The Respondents' objection that the ranges in claim 1 have been generated by combining twice numerical ranges, i.e. the ranges for chlorodifluoromethane and for pentafluoroethane, thereby extending beyond the content of the application as filed, does not convince the Board since the claimed ranges for chlorodifluoromethane and for pentafluoroethane have been disclosed in combination with themselves as well as in combination with the range of 1 to 10 weight percent for propane in the application as filed, namely in one paragraph on page 9, lines 16 to 21.

3.2 Claim 2 is supported by claim 3 of the application as filed in combination with page 7, line 32, the latter disclosing that the claimed composition "has" the proportions in question. Claims 3 and 4 are backed up by claims 4 and 5 of the application as filed.

3.3 Therefore all the amendments made to the claims as granted comply with the requirements of Article 123(2) EPC.

These amendments restrict the scope of the claims and, thus, of the protection conferred thereby, which is in keeping with the requirements of Article 123(3) EPC.

4. Novelty

The Respondents challenged the novelty of the claimed invention exclusively with regard to documents (2) and (2a), not relying on any further document cited so far in the proceedings. Therefore, the Board limits its considerations with respect to novelty to those documents.

4.1 The Board observes that it is a generally applied principle that for concluding lack of novelty, there must be a direct and unambiguous disclosure in the state of the art which would inevitably lead the skilled person to subject-matter falling within the scope of what is claimed.

4.2 In the present case, document (2) discloses at column 2, lines 8 to 12 and in claim 4 a composition comprising the individual components propane, chlorodifluoromethane and pentafluoroethane in specific proportions. The maximum amount of pentafluoroethane is 25 weight percent, whereas the minimum amount thereof according to present claim 1 is 33 weight percent. Thus, there is no overlap of the compositions of document (2) with those claimed thereby delimiting the subject- matter of the invention from that state of the art.

4.3 The Respondents argued that claim 1 and the section at column 2, lines 20 to 28 of document (2) generally disclosed a composition having the three components (i) to (iii) which encompassed the individual components indicated in claim 1 of the invention. They argued moreover that the proportions of those components were specified at column 3, lines 2 to 6 and in claim 2 of that document.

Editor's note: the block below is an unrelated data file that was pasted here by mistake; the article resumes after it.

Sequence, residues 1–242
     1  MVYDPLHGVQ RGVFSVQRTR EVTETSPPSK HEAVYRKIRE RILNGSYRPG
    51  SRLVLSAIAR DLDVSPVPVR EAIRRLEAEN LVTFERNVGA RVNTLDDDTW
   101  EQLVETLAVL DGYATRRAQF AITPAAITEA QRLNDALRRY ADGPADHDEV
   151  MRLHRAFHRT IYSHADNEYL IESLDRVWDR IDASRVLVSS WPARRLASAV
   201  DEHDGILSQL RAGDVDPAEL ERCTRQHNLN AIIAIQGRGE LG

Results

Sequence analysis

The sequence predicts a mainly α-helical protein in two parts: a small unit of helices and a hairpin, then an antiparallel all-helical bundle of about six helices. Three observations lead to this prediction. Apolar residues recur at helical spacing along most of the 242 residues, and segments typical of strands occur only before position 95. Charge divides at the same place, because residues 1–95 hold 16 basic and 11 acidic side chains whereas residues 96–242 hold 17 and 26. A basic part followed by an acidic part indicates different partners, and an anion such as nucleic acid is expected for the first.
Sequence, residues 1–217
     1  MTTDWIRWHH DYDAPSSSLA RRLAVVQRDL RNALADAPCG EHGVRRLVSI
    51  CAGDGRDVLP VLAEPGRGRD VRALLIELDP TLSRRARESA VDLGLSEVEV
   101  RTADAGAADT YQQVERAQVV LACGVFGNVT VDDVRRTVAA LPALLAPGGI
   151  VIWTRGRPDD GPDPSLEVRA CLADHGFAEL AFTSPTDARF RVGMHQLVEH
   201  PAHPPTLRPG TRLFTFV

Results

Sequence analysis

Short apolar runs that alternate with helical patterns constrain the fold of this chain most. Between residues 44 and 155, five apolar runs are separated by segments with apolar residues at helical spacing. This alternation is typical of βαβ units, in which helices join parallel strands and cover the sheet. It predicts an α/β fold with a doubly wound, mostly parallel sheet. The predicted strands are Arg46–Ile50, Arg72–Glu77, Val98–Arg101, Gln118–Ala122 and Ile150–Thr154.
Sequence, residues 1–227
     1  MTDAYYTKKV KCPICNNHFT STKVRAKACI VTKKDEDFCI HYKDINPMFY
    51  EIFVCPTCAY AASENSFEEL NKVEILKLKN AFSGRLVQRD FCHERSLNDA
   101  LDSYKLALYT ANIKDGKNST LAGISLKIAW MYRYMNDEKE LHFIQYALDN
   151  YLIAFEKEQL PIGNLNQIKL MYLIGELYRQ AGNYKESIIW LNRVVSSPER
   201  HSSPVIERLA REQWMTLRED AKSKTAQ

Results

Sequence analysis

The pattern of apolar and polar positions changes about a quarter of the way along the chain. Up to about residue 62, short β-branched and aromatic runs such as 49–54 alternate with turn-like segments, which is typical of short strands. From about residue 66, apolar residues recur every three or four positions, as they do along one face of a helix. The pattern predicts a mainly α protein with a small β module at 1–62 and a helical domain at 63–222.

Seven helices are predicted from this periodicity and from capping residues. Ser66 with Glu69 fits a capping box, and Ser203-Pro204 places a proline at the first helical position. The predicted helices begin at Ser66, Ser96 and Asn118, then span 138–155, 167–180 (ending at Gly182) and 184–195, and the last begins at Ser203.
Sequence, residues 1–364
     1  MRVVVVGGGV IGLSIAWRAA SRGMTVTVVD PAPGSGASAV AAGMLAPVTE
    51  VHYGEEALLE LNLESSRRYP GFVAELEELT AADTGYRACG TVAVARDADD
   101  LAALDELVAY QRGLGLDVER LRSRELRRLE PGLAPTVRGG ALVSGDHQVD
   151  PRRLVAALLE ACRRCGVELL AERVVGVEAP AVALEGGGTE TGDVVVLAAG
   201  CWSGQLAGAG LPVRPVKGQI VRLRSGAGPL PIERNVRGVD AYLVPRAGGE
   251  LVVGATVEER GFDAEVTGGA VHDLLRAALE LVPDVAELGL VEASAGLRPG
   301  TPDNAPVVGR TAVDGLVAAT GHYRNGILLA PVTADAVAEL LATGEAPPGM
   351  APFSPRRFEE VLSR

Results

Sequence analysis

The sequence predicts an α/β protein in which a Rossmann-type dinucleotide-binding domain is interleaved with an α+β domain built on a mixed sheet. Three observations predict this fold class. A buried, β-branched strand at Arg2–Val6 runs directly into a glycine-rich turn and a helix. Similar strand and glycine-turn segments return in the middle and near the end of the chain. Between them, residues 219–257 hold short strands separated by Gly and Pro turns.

However, document (2) lists two equivalent alternatives for each of the components (i) and (ii). In order to arrive at a composition comprising the three individual components according to claim 1 of the invention a selection within each of these two lists is necessary, namely the selection of chlorodifluoromethane as component (i) and of pentafluoroethane as component (ii). According to established jurisprudence of the Boards of Appeal the general disclosure of a document does not qualify for the specific disclosure of a particular composition if that composition can only be derived from the general disclosure by selecting one component from each of two or more lists of alternative components. In the absence of any pointer to the particular combination of the components propane, chlorodifluoromethane and pentafluoroethane in those sections of document (2) addressed by the Respondents, this combined selection of individual components does not emerge clearly and unambiguously therefrom.

Furthermore, the proportions referred to by the Respondents are also delimited from those claimed since the maximum amount of pentafluoroethane is 25 weight percent, while the minimum claimed is 33 weight percent.

4.4 Document (2a), which is one of the priority documents of document (2), discloses on page 3, paragraph 4 one single individual composition of propane, chlorodifluoromethane and pentafluoroethane. Therein, the amount of pentafluoroethane is 25 weight percent and is, thus, below the minimum of 33 weight percent indicated in present claim 1.

The Respondent's III argument that document (2a), on page 3 generally disclosed compositions of propane, chlorodifluoromethane and pentafluoroethane does not support his novelty objection since the whole document is silent on the proportions of the components comprised therein, apart from the one individual composition addressed in the above paragraph.

4.5 For these reasons, the Board concludes that the subject-matter of independent claim 1, and, by the same token, that of dependent claim 2 and that of independent claims 3 and 4 directed to the evaporation and the use of the composition of claim 1, is novel over documents (2) and (2a) pursuant to Article 54 EPC.

5. Remittal

Having so decided, the Board has not taken a decision on the whole matter since the decision under appeal was solely based on a violation of Article 123(2) EPC and on a novelty objection vis-à-vis document (2) which objections are no longer pertinent. As the Opposition Division has not yet ruled on novelty vis-à-vis the other documents in the proceedings as well as on the other grounds for opposition, the Board considers it appropriate to exercise its power conferred on it by Article 111(1) EPC to remit the case to the Opposition Division for further prosecution on the basis of the claims according to auxiliary request 1, in order to enable the department of first instance to decide on the outstanding issues.

Auxiliary requests 2 to 6

6. Since the preceding auxiliary request 1 is remitted to the department of first instance for the reasons set out above, there is no need for the Board to decide on the lower ranking auxiliary requests 2 to 6.

ORDER

For these reasons it is decided that:

1. The decision under appeal is set aside.

2. The case is remitted to the department of first instance for further prosecution on the basis of claims 1 to 4 filed as first auxiliary request during the oral proceedings before the Board.